A Rare Electrocardiographic Manifestation of a Rare Form of Multiple Electrolyte Disturbances: Hyperparathyroid Crisis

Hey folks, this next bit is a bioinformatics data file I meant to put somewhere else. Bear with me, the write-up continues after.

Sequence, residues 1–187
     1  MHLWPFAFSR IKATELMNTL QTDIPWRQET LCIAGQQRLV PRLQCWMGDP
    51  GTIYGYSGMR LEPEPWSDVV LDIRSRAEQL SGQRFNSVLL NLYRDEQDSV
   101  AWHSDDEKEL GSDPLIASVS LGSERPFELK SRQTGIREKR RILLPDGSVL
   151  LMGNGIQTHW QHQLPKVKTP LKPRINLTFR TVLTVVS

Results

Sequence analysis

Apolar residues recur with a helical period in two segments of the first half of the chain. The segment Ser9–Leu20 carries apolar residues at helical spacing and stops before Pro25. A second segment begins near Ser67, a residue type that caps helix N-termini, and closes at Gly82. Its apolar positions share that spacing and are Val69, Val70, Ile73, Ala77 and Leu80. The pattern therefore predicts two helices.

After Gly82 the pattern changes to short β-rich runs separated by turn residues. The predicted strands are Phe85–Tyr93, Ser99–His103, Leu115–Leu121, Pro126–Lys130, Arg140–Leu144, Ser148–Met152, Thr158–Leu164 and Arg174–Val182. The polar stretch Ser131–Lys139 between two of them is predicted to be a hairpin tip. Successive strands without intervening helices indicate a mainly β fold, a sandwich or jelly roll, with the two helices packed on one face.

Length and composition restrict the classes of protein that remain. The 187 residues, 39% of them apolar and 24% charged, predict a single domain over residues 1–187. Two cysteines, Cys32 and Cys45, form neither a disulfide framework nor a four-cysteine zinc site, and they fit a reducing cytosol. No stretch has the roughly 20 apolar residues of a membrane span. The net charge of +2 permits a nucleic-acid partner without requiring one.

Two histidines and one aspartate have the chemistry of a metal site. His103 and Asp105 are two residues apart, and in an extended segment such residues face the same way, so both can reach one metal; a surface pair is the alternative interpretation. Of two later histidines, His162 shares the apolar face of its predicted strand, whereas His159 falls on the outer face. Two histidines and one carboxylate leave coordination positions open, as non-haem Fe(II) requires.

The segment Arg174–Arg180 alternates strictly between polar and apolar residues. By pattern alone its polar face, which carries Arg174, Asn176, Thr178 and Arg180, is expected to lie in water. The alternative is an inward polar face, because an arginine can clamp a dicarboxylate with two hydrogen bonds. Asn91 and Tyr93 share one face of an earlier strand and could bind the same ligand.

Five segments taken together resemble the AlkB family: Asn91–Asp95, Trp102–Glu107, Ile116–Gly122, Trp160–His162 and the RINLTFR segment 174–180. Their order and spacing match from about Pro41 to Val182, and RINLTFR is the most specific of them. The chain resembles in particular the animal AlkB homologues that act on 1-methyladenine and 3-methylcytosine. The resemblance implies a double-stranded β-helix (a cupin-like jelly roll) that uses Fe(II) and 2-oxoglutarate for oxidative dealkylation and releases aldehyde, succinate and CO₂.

The surface electrocardiogram (ECG) has been used as a useful method for detection of metabolic disturbances for a long time. However, it may be difficult to distinguish the exact disturbance when more than one metabolic abnormality exists in a patient simultaneously. Although, "classic" ECG characterizations of common electrolyte disturbances are well described, multiple concurrent electrolyte disturbances may lead to ECG abnormalities that may not be easily detectable. This ECG concerns a 60-year-old male presented with general fatigue, weakness, epigastric pain, anorexia, nausea and extreme hypercalcemia (serum total and ionized calcium levels 20.5 mg/dL and 12.02 mg/dl, respectively), hypokalemia and hypomagnesemia associated with elevated parathyroid hormone (1160 pg/ml) and normal serum vitamin D level (97 ng/ml) . This rare manifestation of primary hyperparathyroidism has been named hyperparathyroid crisis in the literature. Hyperparathyroid crisis is an emergency form of multiple electrolyte abnormalities that manifest as a life-threatening hypercalcemia and simultaneous hypokalemia and hypomagnesemia; these two later are believed to be caused by diuretic effect of calcium on the renal tubules. The unique pattern of ECG in our patient first was misdiagnosed as prominent T waves with prolongation of the QT corrected (QTc) interval, which has been reported several times in patients with hyperparathyroidism crisis, compatible with our patient. But more investigation revealed that, the QTc interval not only is not prolonged, it is shortened as it is expected from the effect of hypercalcemia on electrocardiogram. The exact pattern of the patient`s ECG (figure 1) can be interpreted as it follows: (1) Flattening of the T wave, (2) a prominent U wave, (3) prolongation of the descending limb of the T wave such that it overlapped with the next U wave (4) virtual absence of ST segment and (5) shortening of the QT corrected interval. In conclusion, it should be emphasized when the T and U waves are separated by a very short segment they can mimic the appearance of a prolonged QT interval. However, more investigation can demonstrate the exact electrocardiographic pattern especially in multiple electrolyte disturbances, when "classic" ECG patterns are not expectable.
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